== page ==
Our main hypothesis is that concern for others cultivated during this form of meditation improves emotional processing, particularly in response to the sounds of anguish, and that emotional response to sounds is modulated by the degree of meditation training. The presentation of the sounds emotional was associated with the diameter of the pupil and increased activation of the limbic region (insular and cingular cortex) during meditation. During meditation, the activation of insula was higher during the presentation of sounds positive or negative sounds neutral expert in the novice meditators. The strength of activation in the insula was also associated with a perception of the intensity of meditation for both groups. These results support the role of the limbic circuit in the emotion shared. The comparison between meditation opposite states of rest between experts and novices also showed increased activation in the amygdala, at the crossroads right temporo-parietal (TPJ), and the right posterior superior temporal sulcus (pSTS), in response all the sounds, suggesting an increased detection of emotional sounds, mental and greater activity in response to vocalizations emotional for human experts as novices during meditation. Taken together, these data indicate that the mental experience of cultivating positive emotions alter the activation of neural circuit previously linked to the empathy and theory of mind in response to emotional stimuli. For what is possible, an increase in Neuroplasticity allows regeneration of neural circuit and generating new and different synaptic connections.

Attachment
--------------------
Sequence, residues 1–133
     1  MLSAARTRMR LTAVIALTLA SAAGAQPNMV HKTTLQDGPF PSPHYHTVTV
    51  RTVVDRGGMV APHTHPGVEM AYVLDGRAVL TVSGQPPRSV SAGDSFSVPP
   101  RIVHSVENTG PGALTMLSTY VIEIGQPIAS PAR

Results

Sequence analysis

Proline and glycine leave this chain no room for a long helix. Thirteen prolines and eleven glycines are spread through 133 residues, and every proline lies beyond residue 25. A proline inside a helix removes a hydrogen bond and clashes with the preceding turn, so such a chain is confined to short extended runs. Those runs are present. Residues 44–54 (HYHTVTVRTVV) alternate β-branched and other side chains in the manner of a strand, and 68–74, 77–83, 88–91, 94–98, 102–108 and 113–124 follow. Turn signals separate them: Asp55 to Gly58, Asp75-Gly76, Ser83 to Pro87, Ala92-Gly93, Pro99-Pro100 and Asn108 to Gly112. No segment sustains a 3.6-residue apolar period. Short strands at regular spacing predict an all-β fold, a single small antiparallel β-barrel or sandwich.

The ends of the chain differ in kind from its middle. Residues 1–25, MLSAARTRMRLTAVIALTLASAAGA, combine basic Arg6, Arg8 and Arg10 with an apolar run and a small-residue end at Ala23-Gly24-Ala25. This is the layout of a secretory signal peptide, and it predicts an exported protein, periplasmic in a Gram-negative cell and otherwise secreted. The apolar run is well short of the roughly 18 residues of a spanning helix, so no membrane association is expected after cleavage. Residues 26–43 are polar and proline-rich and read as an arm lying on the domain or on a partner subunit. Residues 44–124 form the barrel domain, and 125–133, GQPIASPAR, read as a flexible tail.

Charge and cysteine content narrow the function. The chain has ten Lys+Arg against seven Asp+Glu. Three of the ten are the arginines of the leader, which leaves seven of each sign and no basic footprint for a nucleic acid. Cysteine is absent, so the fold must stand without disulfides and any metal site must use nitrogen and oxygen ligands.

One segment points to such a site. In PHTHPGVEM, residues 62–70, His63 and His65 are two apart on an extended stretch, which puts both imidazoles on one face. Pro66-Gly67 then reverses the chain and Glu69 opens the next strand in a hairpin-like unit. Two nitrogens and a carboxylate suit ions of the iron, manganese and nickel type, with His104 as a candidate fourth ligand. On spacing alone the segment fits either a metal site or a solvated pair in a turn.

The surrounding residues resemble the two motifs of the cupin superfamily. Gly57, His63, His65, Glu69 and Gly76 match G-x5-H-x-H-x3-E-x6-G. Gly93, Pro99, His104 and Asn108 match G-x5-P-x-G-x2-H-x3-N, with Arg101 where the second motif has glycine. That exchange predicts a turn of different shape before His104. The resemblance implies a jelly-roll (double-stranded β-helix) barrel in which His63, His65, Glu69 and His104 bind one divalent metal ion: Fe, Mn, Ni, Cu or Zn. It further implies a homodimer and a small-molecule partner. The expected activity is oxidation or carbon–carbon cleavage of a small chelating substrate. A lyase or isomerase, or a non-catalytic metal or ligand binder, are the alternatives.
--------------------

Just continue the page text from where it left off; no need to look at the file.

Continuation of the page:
It is interesting to recognize that a mental ability doesn’t need to involve spiritual development. However, insurance at the time that a monk develops a sense of compassion—not with reason, but with meditation—uniting the ability meditative joins the spiritual message where the message, the messenger and recipient of the message unites as in the passage quoted above by Ibn’Arabi. There is no mental noise that distracted from the direct experience of “unio mystica”.

Conclusions: In search of “intimate”.

The immateriality of consciousness and the spirit is no longer a scandal biological or physical, on the one hand because the conscience and spirit can not be conceived regardless of physical processes and transformations, and secondly, because the organization already is immaterial herself at the same time it is linked to the physical materiality (…) We can conceive of a recursive loop-productive in that spirit, latest developments of emergency brain is continuously generated-regenerated by brain activity, it generated-regenerated by the activity of all beings, and that the spirit has its active role and key organizer for knowledge and action.

Edgar Morin. The method III. Knowledge of knowledge50.